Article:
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In detail: the 30 Bills the Government is planning this spring

The coalition has published a list of 30 Bills it’s hoping to get published before the end of April. Here’s the lot.

Leinster House will be a busy place if the government gets to publish all 30 of the Bills it wants.
Leinster House will be a busy place if the government gets to publish all 30 of the Bills it wants.
Image: Anosmia via Flickr

THE GOVERNMENT chief whip Paul Kehoe this week published a list of 30 pieces of legislation it hopes to complete drafting and to have published by the end of the current Dáil session.

The list contains Bills being compiled by 11 of the 16 Government Departments, and includes proposals like establishing a national DNA database, merging quangos and a new legal framework for Oireachtas inquiries.

The full list of Bills – and our guide to what they’ll contain – is below.

The list is sorted in alphabetical order by the Department responsible for it.

Agriculture Food and the Marine

  • Forestry Bill Legislation which the government says will support “the development of a modern forestry sector” – presumably by allowing the likes of Coillte to sell off some of their trees while keeping property of the land. This has been on the ‘A list’ (of the highest-priority bills) since last April.

Children and Youth Affairs

  • Child and Family Support Agency Bill This has been in the pipeline since confirmation of the Children’s Rights referendum, and will see the setup of a new child and family support agency which will take responsibility for related social services away from the HSE. The rollout of this legislation could be delayed by the High Court challenge to the outcome of the referendum, which is due to be heard next week.
  • Child Care (Amendment) Bill Currently, the HSE is allowed to seek a court order to take a child into its care – without the consent of its parent – for a maximum of eight days. This amendment proposes to extend this period to 29 days.
  • Children First Bill In 1999 the Department of Health published a lengthy document called ‘Chlidren First: National Guidelines for the Protection and Welfare of Children’. The Programme for Government includes a comment to have these become law. The Children First Bill has been on this priority list since last summer.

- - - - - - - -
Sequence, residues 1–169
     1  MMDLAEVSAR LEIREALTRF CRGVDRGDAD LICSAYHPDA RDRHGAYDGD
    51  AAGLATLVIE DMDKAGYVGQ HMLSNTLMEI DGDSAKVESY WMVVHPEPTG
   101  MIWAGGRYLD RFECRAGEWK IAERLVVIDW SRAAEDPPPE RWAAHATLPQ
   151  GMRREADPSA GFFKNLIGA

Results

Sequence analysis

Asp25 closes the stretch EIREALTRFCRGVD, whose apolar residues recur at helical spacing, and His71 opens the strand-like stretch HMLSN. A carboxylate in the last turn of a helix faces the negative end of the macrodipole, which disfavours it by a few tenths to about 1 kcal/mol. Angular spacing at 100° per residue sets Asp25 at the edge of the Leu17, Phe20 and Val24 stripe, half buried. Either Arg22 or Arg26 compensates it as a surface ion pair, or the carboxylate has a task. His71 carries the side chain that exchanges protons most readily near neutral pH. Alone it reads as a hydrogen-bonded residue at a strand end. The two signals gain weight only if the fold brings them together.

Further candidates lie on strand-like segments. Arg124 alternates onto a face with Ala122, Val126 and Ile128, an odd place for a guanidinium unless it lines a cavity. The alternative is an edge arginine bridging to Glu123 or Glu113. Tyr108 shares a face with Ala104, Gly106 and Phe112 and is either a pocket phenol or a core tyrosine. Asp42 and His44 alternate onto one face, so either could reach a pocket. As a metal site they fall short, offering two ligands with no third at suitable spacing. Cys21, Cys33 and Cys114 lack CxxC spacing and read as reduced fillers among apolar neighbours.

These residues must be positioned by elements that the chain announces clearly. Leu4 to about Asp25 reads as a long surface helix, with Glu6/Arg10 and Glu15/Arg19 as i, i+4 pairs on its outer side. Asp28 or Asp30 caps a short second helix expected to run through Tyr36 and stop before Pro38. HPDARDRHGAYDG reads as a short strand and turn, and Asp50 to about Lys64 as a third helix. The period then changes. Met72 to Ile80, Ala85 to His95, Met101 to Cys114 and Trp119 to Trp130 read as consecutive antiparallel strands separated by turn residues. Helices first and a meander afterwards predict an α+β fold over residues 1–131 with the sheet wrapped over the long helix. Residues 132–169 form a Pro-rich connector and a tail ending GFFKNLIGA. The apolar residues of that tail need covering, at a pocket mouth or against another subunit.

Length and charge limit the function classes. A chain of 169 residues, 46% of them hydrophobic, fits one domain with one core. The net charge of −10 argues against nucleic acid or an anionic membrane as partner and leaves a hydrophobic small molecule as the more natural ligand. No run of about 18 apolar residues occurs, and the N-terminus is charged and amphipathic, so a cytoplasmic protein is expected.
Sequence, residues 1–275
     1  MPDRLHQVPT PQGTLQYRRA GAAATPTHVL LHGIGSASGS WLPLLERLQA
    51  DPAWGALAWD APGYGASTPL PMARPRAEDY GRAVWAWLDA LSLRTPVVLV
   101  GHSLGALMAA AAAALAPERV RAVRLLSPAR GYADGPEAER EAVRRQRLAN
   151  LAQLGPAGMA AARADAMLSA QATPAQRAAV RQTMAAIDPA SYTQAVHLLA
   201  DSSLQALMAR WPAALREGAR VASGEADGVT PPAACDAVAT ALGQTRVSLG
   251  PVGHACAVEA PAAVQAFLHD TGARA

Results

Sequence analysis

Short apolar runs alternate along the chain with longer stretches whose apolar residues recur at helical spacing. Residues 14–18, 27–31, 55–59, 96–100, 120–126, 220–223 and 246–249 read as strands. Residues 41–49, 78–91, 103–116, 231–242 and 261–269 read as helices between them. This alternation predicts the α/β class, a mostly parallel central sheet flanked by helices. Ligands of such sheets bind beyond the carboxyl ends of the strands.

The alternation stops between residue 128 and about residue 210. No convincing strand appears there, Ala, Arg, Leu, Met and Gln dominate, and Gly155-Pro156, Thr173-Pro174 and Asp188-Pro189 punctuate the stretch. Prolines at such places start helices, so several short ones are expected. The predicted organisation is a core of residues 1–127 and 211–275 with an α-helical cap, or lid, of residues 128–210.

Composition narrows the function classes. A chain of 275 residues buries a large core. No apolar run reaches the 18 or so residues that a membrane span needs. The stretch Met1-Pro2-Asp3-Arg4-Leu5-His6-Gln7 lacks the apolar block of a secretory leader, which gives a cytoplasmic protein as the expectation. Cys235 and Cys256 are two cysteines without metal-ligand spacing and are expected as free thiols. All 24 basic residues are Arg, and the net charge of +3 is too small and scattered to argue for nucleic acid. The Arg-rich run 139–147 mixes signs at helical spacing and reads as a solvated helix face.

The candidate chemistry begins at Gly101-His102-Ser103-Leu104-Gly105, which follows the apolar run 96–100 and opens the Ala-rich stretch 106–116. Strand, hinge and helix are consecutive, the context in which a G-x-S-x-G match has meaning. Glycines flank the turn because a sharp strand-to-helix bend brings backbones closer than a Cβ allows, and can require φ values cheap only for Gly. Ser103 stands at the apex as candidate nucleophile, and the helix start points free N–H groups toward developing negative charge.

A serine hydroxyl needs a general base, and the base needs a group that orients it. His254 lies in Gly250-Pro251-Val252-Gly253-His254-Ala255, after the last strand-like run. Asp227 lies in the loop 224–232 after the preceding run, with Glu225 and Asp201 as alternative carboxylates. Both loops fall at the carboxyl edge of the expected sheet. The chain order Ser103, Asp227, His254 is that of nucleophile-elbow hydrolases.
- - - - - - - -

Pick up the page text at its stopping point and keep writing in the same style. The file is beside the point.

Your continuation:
Communications Energy and Natural Resources

  • Minerals Development Bill The government says this Bill would “modernise and consolidate all mineral development legislation”. Ireland’s laws on mineral extraction are a relative hodge-podge at the moment; this proposal would update older laws and have a single piece of legislation to govern mining, drilling and the like.

Education and Skills

  • Further Education and Training Authority (SOLAS) Bill This would abolish FÁS and replace it with ‘SOLAS’ which will have “responsibility for integrating, developing and modernising the further education and training sector.”

Environment Community and Local Government

  • Motor Vehicle (Duties and Licences) Bill No doubt one we’ll all look forward to. The increase in motor tax rates approved on Budget Day is actually only on a provisional basis. This Bill is needed in order to make those changes permanent.
  • Non-Use of Motor Vehicles Bill Another Bill relating to motor tax. Right now, if you’re renewing the motor tax on a car a few months after the last disc has lapsed, you have to legally declare that the car was off the road in the intermittent time. This means some drivers will risk driving without a valid tax disc for a period, knowing they can merely sign a form saying ‘My car wasn’t on the roads’ whenever they go to get a new disc. This Bill will require motorists to declare an off-road period in advance of it happening and not afterward.

Finance

  • Finance Bill Many of the measures announced in the Budget don’t yet have legal effect. Every year there’s a Finance Bill which tends to be approved around April, and which brings the Budget proposals into law.

Health

  • Health (Amendment) Bill This will give effect to the government’s ambition To provide for the phased extending of a publicly funded GP service without fees
  • Health (Amendment) (No. 2) Bill Somewhat cryptically, this omnibus Bill will “clarify and update a number of issues that have been identified over time”, apparently with specific reference to the Health Act 1970, which set up the old Health Board system and also governs subjects like maternity grants and dental treatment. This Bill also intends to reflect changes outlined in Budget 2013.
  • Health (Private Patient Charges) Bill Legislation which will levy charges on all private patients staying in a public hospital.

Jobs, Enterprise and Innovation

  • Consumer and Competition Bill This will merge the National Consumer Agency and the Competition Authority into a single body, as well as creating a legal ‘code of conduct’ for grocery sellers, and putting in place a new legal framework for mergers and takeovers of media companies
  • Employment Permits Bill Updating existing laws on work permits for foreign citizens into a single piece of legislation, which will also be updated to take into account the growth of the European Union and the rights of citizens from those countries to live and work in Ireland.